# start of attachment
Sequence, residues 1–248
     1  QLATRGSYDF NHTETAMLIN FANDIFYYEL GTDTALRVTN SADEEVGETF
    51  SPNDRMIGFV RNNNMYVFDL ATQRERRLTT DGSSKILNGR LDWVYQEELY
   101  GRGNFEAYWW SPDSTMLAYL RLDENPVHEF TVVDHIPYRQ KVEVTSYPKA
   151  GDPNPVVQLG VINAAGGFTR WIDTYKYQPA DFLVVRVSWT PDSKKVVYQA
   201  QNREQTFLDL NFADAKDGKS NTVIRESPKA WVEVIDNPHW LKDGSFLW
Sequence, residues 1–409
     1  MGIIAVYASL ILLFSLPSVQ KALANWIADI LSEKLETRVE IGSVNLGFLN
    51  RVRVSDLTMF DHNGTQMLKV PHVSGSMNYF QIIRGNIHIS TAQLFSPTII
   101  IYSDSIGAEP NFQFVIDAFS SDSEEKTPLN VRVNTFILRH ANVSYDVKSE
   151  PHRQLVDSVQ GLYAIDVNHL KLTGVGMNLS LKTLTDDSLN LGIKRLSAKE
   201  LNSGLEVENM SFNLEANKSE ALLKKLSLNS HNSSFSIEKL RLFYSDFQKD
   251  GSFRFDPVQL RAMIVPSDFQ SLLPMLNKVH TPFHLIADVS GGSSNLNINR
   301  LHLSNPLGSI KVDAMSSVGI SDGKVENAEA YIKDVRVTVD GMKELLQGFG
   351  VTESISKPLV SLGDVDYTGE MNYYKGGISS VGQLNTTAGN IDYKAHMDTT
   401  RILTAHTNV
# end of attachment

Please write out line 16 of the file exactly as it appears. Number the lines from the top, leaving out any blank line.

   401  RILTAHTNV